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Cars stranded as water rises in parts of Arkansas

SHARE Cars stranded as water rises in parts of Arkansas

LITTLE ROCK, Ark. — The remnants of Hurricane Isaac flung more rain across parts of Arkansas on Friday, leaving cars stranded in high water before the storm wandered north into Missouri.

Heavy rainfall and flash flooding forced schools to send students home early in Pine Bluff, where the National Weather Service said 8.5 inches of rain fell by Friday afternoon.

"Streets are flooded. Bus routes are under water," reported deputy superintendent Rudolph Howard, although he said he didn't know of any problems with students getting home.

A number of cars got stuck on roads, however, as the water rose to 3 or 4 feet in some places, police spokeswoman Lt. JoAnn Bates said.

There were no reports of injuries from the storm Friday, though standing water posed a problem in some homes, Arkansas Department of Emergency Management spokesman Chad Stover said.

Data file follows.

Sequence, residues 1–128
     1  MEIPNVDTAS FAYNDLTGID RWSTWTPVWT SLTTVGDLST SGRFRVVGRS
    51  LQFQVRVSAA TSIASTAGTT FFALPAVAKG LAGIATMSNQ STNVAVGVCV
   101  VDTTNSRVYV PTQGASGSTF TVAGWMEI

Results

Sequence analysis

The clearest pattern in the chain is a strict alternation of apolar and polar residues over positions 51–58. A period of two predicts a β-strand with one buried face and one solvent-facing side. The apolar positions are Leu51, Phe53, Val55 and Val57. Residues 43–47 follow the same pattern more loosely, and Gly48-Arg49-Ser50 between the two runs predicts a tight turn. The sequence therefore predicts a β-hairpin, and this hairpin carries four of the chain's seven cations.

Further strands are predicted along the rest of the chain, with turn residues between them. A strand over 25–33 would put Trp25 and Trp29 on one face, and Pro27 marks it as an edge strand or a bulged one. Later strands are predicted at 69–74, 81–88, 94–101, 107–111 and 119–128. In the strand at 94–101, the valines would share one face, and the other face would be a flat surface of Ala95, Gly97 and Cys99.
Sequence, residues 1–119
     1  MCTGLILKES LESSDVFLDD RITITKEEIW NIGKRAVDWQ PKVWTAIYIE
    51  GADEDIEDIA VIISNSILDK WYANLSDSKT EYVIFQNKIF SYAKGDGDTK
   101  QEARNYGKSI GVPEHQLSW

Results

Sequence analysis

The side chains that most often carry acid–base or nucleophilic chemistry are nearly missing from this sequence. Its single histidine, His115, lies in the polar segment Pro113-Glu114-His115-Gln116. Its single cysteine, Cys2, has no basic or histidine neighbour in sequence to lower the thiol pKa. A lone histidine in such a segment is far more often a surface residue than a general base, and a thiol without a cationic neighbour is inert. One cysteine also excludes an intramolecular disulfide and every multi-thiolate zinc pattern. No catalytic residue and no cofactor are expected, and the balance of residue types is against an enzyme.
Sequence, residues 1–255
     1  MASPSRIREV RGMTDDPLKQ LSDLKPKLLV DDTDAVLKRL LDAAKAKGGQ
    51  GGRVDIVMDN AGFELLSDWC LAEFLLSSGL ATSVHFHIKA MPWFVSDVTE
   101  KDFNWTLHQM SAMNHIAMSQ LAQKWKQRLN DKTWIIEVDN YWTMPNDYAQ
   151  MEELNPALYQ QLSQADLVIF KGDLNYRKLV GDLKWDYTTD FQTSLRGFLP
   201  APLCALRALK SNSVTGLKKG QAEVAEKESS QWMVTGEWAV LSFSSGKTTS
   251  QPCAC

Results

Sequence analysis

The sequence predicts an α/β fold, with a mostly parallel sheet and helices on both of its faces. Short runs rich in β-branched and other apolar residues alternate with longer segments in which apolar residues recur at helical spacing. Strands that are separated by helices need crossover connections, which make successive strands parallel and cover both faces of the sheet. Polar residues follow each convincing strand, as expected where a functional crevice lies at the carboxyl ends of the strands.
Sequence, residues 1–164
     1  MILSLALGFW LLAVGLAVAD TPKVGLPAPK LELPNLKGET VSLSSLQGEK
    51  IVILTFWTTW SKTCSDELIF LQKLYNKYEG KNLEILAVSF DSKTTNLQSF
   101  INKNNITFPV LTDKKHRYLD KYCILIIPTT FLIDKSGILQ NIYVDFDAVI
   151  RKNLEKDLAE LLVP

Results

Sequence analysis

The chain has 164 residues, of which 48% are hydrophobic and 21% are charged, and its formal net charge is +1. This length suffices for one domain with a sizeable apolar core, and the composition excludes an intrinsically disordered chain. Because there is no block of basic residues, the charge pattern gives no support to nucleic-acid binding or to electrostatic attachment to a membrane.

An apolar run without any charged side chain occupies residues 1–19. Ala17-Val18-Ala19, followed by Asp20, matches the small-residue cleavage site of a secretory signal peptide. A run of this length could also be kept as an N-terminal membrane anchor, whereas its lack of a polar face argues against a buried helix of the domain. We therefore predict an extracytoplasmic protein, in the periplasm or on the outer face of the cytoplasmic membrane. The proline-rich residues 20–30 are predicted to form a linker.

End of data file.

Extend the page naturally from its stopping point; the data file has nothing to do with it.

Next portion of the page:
The National Weather Service issued flash flood warnings and a tornado watch, but no tornadoes had been reported by Friday afternoon, as what was left of Isaac drifted into the northeast corner of the state. Tornado warnings were issued for three counties, but there was no confirmation that anything touched down.

Meanwhile, crews worked to restore electricity to thousands left without power. Entergy Arkansas reported about 16,000 customers without electricity early Friday, but that number had declined to 5,122 by late Friday.

Some farmers who struggled with drought all summer found themselves with too much rain, though most ranchers were grateful for the water and the prospect of green grass for the animals to eat.

"For the cattle people, this is a windfall," said Robby Bevis, whose family has about 100 cows.

He grows rice, beans and corn and after more than 3 inches of rain fell near his farm, he said that was enough.

"I think we're at the breaking point to where if it doesn't slow down and get out of here, it's going to start affecting crops in the wrong way," Bevis said.

Fortunately, forecasters said the weather looked better for the Labor Day weekend.

"The forecast gets a little bit better each and every day, and by next week, we should be drying out and temperatures going back up again," meteorologist Joe Goudsward said.

That news made for a happy tourism department.

"The Labor Day weekend, we had assumed it would be wet and rainy, but Isaac has moved on through the state," said Kat Robinson, spokeswoman for the Arkansas Department of Parks and Tourism. "The skies are clear. The burn bans in many counties have been canceled and it looks like a great holiday weekend coming up."

Follow Jeannie Nuss at http://twitter.com/jeannienuss